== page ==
Swarm of Bees. [Click to see sized in separate tab].
In my last post I boasted that an advantage of digital painting over traditional painting is I could knock out a swarm of bees in 15 minutes, but it could take days and days to do it with physical mediums. I did say it would take hours if I made more custom brushes, and I might have added, put the bees in color (the brushes are B&W).

I had to test my own metal and see if my foot was gonna’ be in my mouth. I made the cut, this time, and so you can trust a little more that I’m not completely full of shit.

To do this I first made 5 bee brushes. Initially I drew the bees in black (you have to make brushes in black). I drew them from references in 15 minutes, including finding and downloading the pics.

On the right are the reference pics I used. Just to the left are my quick sketches of them. All the bees on the left are just testing out the brushes. It took 15 minutes to fuss with the brush settings. That left a half hour if I wanted to do the whole thing in an hour.

For the background I used those quickie clouds from my last post. The challenge was just to create a swarm of bees, not a new background.

The final half hour was making the swarm, adding colors to the bees, and tinkering with the color overall. If this were art and not just an exercise, I’d go in and change little things on the bees so they don’t match, and fix their buggy anatomy. I was keeping it loose. One can always tinker indefinitely.

My point was that digital painting makes things possible that I wouldn’t consider doing with traditional mediums, and this opens a whole vista of new possible images to explore. Y’know, say I wanted to have a person being attacked by bees or wasps. Doable!

This also substantiates what I was saying in another recent post about why skill matters in art, namely that you can’t envision a  wide range of new possible artworks if you are not yourself the maker. It’s not the fashion to make your own art in the contemporary conceptual art paradigm, but they like to tell themselves that nothing new is possible anyway, so you might as well hire some people to make a giant inflatable butt plug.

OK, my bees aren’t magnificent, but for knocking them out as fast as I did they kinda’ rock.  Lastly, some people might still say it’s cheating, even if I drew the bees. However, traditional painters get up to all sorts of shortcuts, including using projectors, tracing paper, and so on. Y’know those super amazing pencil drawings people do of usually a woman, maybe covered in honey, or with delicate shadows cascading over her freckled face through lace? Just project the photo on a piece of paper on the wall and draw over it. Everyone will be blown away by how accurate it is!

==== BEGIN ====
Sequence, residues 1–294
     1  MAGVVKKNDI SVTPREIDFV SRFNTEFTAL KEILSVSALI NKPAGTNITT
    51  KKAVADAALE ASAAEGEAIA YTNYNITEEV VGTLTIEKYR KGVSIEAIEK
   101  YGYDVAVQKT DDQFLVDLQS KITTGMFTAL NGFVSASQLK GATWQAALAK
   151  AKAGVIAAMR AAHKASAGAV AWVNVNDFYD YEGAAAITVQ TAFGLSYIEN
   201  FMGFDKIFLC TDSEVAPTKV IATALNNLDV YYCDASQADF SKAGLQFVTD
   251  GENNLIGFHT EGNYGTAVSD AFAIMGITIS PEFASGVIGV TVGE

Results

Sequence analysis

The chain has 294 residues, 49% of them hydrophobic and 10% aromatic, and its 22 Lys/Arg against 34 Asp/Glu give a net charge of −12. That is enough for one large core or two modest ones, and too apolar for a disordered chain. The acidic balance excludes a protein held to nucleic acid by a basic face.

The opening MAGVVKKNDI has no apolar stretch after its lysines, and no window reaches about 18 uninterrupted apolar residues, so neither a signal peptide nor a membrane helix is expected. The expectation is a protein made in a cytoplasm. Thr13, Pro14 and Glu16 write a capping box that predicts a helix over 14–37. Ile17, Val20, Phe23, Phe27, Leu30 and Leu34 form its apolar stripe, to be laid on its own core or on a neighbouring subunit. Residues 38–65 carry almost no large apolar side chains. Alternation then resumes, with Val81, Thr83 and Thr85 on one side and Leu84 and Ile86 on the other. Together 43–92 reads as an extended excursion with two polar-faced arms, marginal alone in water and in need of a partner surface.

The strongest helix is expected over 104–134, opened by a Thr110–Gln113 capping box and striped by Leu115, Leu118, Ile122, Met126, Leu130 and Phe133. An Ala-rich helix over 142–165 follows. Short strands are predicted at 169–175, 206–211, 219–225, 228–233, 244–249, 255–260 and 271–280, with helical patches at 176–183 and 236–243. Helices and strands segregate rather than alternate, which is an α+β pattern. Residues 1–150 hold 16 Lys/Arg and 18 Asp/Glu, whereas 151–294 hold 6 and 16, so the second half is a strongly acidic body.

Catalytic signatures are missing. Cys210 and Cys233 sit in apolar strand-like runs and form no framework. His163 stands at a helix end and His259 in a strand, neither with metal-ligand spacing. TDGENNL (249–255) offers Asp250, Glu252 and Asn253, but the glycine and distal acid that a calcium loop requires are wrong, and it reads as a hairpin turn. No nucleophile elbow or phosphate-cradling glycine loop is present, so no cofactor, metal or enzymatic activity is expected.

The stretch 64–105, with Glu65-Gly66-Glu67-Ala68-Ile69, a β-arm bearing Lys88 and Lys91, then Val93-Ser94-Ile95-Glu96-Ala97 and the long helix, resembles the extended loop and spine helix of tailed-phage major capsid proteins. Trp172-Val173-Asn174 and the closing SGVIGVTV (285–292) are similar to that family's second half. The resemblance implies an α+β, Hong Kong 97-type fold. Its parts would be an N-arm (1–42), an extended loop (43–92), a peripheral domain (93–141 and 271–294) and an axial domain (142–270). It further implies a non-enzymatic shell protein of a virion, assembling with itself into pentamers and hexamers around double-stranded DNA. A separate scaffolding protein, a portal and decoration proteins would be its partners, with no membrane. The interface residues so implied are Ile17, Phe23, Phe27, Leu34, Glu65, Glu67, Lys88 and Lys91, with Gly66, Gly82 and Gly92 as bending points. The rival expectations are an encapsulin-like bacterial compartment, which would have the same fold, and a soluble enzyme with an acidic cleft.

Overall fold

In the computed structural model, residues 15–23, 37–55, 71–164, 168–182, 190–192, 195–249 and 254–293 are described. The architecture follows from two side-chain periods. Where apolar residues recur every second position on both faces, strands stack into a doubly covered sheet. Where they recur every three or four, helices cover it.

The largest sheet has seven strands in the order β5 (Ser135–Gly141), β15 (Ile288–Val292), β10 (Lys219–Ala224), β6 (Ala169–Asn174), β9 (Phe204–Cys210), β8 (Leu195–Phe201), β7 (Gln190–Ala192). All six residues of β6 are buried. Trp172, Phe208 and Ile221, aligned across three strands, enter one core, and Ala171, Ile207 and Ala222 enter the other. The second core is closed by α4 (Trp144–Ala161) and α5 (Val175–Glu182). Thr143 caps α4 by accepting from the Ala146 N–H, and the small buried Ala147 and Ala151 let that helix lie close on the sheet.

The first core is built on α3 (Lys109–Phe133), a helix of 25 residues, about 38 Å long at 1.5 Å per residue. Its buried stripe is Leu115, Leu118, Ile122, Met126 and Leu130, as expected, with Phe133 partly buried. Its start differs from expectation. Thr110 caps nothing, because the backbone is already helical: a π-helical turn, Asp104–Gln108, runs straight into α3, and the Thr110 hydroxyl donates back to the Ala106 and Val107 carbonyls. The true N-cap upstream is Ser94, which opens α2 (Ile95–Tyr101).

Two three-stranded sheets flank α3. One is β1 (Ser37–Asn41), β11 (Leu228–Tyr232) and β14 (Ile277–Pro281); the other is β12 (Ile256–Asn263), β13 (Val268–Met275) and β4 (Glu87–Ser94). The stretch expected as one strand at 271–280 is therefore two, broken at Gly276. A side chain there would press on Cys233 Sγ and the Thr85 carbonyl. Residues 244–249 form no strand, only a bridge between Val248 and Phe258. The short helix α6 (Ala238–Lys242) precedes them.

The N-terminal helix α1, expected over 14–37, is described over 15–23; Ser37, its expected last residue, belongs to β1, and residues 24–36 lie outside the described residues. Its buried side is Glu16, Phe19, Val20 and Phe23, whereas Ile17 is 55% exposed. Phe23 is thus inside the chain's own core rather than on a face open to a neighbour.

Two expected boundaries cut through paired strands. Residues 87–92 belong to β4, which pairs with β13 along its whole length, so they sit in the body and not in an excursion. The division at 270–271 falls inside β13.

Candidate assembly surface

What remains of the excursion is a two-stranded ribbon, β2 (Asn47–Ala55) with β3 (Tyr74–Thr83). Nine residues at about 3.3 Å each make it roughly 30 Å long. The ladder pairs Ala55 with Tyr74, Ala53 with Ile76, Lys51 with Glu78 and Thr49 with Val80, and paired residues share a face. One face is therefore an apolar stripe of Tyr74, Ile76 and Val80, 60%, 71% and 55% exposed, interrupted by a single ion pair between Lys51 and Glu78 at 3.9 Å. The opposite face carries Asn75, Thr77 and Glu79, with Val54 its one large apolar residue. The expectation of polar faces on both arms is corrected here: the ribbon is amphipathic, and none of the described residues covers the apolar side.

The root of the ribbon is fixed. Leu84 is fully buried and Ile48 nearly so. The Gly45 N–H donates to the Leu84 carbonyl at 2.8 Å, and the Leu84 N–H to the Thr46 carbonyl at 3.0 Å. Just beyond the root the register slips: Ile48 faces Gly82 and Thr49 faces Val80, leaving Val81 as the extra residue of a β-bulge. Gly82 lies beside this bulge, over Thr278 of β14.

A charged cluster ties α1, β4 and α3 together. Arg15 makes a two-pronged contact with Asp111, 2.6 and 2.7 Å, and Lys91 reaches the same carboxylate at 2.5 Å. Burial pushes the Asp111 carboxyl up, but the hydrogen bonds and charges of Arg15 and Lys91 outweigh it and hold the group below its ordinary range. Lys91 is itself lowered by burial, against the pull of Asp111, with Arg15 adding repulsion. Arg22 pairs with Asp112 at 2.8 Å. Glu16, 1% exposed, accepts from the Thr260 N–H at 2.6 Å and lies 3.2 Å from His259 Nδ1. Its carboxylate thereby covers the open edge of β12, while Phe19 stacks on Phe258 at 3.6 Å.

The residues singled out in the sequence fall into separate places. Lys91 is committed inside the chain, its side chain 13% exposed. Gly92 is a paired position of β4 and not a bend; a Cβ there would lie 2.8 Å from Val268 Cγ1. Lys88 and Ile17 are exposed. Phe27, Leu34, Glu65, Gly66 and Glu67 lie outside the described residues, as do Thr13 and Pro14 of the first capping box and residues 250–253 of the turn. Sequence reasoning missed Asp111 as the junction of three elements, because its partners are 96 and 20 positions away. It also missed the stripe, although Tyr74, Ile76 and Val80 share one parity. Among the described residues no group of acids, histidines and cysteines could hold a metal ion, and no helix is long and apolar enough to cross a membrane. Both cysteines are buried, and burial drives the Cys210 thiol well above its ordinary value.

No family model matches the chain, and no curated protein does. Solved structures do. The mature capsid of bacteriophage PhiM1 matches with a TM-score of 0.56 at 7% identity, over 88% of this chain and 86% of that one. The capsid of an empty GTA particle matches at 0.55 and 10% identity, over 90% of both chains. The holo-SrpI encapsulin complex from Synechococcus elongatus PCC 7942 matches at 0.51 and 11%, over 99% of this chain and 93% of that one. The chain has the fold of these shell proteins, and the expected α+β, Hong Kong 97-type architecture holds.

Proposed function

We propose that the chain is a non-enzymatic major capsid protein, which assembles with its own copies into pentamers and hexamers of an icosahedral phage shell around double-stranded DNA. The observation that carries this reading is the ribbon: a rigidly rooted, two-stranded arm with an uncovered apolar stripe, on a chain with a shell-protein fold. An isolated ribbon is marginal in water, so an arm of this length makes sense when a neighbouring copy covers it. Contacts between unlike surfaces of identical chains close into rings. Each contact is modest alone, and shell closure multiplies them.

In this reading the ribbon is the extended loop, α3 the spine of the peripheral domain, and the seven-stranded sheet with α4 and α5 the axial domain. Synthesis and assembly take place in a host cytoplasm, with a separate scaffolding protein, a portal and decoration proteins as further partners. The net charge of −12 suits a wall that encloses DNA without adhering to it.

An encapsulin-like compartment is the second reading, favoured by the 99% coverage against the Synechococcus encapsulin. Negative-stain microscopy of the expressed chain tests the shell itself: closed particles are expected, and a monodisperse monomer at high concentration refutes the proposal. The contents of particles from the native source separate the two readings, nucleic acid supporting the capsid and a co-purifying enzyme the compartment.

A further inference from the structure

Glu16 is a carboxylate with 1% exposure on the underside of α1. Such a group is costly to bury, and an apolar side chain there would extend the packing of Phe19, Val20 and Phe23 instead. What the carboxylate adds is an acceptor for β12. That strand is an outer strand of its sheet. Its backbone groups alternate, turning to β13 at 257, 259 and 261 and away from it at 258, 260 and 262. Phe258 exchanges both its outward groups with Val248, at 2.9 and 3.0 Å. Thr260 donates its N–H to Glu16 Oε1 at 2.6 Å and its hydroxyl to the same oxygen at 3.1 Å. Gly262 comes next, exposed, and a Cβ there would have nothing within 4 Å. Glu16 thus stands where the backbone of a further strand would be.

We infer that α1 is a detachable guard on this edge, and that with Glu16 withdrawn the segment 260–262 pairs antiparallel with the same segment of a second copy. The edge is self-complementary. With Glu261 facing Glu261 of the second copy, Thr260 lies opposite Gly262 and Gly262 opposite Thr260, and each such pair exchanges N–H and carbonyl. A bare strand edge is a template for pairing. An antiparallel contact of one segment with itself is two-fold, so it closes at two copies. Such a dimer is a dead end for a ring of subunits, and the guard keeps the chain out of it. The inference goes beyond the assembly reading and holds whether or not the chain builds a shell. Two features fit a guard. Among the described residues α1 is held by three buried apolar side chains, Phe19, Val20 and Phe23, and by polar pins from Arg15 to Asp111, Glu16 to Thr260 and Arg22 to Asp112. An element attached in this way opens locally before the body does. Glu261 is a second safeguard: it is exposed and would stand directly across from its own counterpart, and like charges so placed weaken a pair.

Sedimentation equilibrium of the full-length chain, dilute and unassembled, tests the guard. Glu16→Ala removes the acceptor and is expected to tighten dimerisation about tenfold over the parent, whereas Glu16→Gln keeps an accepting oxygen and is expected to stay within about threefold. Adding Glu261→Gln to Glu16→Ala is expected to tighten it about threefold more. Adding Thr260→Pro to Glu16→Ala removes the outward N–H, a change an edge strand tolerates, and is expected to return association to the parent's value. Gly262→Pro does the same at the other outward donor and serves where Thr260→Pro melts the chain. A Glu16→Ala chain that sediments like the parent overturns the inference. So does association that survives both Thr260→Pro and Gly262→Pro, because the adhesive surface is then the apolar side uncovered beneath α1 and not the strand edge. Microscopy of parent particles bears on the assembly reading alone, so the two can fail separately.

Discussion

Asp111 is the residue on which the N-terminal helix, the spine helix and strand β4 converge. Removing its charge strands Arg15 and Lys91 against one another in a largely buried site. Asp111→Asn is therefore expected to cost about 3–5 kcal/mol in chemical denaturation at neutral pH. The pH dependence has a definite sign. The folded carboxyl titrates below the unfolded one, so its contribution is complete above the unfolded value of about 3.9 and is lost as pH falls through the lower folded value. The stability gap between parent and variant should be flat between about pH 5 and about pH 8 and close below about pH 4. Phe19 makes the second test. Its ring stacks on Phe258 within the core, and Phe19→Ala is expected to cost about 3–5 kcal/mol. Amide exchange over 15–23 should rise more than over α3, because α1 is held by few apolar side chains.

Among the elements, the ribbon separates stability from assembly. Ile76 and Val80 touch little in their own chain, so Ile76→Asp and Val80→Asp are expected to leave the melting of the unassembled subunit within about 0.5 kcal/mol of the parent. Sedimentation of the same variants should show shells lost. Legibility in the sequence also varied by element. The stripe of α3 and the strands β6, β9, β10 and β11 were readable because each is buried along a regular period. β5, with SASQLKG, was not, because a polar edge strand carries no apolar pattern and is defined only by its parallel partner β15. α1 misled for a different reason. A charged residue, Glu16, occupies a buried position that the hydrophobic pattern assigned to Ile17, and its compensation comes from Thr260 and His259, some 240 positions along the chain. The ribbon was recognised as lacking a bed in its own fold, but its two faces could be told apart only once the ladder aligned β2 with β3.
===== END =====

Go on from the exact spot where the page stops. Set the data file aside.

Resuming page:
Using physical means, one could easily take a few slides of bees and project them on a canvas at different sizes and trace them. You could use tracing paper, Xerox copies, and all sorts of little tricks that people have been using for decades. The main difference is the computer is leagues more efficient. Let’s not confuse efficiency with cheating.

One more thing. This isn’t how I normally work at all. I would tend to draw everything once and only once, which means each bee individually. I’m doing some tutorials and picking up tricks from the illustration community who need to do quick turn-around and realize whatever wacky idea someone else comes up with for a computer game or film. [Note: the bees weren’t a tutorial. I just got the idea from my last post.] Also, there are people who do this sort of thing better than I do, otherwise I wouldn’t be learning from them.

How I’ll apply this to my own art time will tell. I’m planning on doing close to 3 months more of just practice before returning to my own projects.

~ Ends


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